The University of Pennsylvania's president has resigned amid pressure from donors and criticism over testimony at a congressional hearing where she was unable to say under repeated questioning that calls on campus for the genocide of Jews would violate the school’s conduct policy.
The chairman of the Ivy League school's board of trustees, Scott Bok, also resigned immediately during a trustees meeting Saturday evening, just hours after Bok announced Liz Magill's departure as president in just her second year.
Bok, a supporter of Magill's, defended her through several months of criticism over the university’s handling of various perceived acts of antisemitism.
He called her a good person and talented leader who is not "the slightest bit antisemitic," but gave a legalistic and wooden response after being worn down by months of criticism and hours of questioning in the congressional hearing.
"Following that, it became clear that her position was no longer tenable, and she and I concurrently decided that it was time for her to exit," Bok said in a statement also announcing his resignation.
The university said Magill will remain a tenured faculty member at the university’s Carey Law School. She has agreed to keep serving as Penn’s leader until the university names an interim president.
Calls for Magill's firing exploded after Tuesday's testimony in a U.S. House committee on antisemitism on college campuses, where she appeared with the presidents of Harvard University and MIT.
Universities across the U.S. have been accused of failing to protect Jewish students amid rising fears of antisemitism worldwide and fallout from Israel’s intensifying war in Gaza, which faces heightened criticism for the mounting Palestinian death toll.
The three presidents were called before the committee to answer those accusations. But, their lawyerly answers drew renewed blowback from opponents, focused particularly on a line of questioning from Rep. Elise Stefanik, R-N.Y., who repeatedly asked whether “calling for the genocide of Jews” would violate Penn's code of conduct.
"If the speech turns into conduct it can be harassment, yes," Magill said. Pressed further, Magill told Stefanik, "It is a context-dependent decision, congresswoman."
Harvard President Claudine Gay and MIT President Sally Kornbluth gave similar responses to Stefanik, and Bok pointed that out.
Magill made a "very unfortunate misstep - consistent with that of two peer university leaders sitting alongside her - after five hours of aggressive questioning before a congressional committee," Bok said.
Still, criticism of Magill rained down from the White House, Pennsylvania Gov. Josh Shapiro, members of Congress and donors. One donor, Ross Stevens, threatened to withdraw a $100 million gift because of the university’s "stance on antisemitism on campus" unless Magill was replaced.
A day later, Magill addressed the criticism, saying in a video that she would consider a call for the genocide of Jewish people to be harassment or intimidation and that Penn’s policies need to be "clarified and evaluated."
It did not quell criticism.
In a statement Saturday, Stefanik said Magill's "forced resignation" is the "bare minimum of what is required" and said Harvard and MIT should follow suit.
"One down. Two to go," Stefanik said, adding that "this is only the very beginning of addressing the pervasive rot of antisemitism that has destroyed the most 'prestigious' higher education institutions in America."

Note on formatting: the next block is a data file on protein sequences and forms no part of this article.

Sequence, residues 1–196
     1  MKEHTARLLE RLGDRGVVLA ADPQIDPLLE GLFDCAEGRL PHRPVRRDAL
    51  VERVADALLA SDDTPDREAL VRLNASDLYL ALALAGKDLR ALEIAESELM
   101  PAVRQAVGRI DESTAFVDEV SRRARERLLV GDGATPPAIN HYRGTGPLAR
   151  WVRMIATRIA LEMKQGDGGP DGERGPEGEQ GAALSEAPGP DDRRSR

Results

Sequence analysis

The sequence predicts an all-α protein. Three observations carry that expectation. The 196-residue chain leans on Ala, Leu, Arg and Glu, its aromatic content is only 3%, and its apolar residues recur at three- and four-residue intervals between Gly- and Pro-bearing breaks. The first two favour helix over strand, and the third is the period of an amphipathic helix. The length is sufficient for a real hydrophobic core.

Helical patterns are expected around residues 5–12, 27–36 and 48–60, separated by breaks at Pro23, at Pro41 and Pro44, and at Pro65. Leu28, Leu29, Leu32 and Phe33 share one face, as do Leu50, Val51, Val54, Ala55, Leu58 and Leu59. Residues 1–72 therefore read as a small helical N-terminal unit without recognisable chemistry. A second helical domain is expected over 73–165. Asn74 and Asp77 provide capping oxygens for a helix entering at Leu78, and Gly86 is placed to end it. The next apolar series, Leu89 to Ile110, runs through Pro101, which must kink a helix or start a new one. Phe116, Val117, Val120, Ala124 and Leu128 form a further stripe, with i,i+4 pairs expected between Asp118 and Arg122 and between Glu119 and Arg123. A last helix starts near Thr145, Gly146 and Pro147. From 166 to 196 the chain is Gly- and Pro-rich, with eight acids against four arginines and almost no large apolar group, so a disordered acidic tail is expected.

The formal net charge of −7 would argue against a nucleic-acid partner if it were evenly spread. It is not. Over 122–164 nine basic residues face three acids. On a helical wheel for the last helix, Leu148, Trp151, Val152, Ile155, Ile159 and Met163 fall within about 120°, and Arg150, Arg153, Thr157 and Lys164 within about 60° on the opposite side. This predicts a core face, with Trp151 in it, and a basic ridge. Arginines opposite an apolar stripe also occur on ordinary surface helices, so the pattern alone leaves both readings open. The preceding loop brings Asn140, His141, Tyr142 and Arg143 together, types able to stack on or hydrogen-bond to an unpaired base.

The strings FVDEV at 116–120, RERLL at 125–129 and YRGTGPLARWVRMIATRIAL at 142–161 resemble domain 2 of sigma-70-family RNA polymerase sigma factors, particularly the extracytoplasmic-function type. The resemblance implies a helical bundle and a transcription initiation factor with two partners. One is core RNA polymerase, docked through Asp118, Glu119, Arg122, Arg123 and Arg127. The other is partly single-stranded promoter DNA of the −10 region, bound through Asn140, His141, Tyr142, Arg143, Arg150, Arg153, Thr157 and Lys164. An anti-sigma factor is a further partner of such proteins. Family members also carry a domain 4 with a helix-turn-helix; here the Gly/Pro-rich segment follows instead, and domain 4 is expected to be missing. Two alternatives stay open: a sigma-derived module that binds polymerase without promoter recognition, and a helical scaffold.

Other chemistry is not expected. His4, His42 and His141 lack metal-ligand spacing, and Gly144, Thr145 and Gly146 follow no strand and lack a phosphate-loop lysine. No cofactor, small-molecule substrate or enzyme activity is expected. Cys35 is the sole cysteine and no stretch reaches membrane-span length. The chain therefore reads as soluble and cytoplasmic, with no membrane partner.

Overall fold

U.S. Sen. Bob Casey, D-Pa. said Magill’s resignation allows Penn to "chart a new course in addressing antisemitism on campus."
Bok said he was asked to remain as chairman to help with the transition to a new president, but decided that now was the best time for him to leave.
Even before Tuesday's hearing, Magill had been under fire from some donors and alumni this fall. Some also had called for the resignation of Bok, who had defended Magill amid criticism over the university’s handling of various perceived acts of antisemitism.
That included allowing a Palestinian literary arts festival to be held on its campus in September featuring speakers whose past statements about Israel had drawn accusations of antisemitism.
A former U.S. Supreme Court law clerk, Magill, 57, is the daughter of a retired federal judge and was dean of Stanford University's law school and a top administrator at the University of Virginia before Penn hired her as its ninth president last year.
Bok is chairman and CEO of investment bank Greenhill & Co.
Earlier Saturday, New York's governor called on the state's colleges and universities to swiftly address cases of antisemitism and what she described as any "calls for genocide" on campus.
In a letter to college and university presidents, Gov. Kathy Hochul said her administration would enforce violations of the state's Human Rights Law and refer any violations of federal civil rights law to U.S. officials.
Hochul said chancellors of the State University of New York and City University of New York systems confirmed to her "that calling for genocide of any group" or tolerating antisemitism violates codes of conduct on their campuses "and would lead to swift disciplinary action."
A popular chant at pro-Palestinian rallies at Penn and other universities has been falsely misrepresented in recent months as a call for "Jewish genocide."
Experts and advocates say the chant, "Israel, we charge you with genocide," is a typical refrain heard at pro-Palestinian rallies. Jewish and Palestinian supporters both acknowledge protesters aren't saying "We want Jewish genocide."
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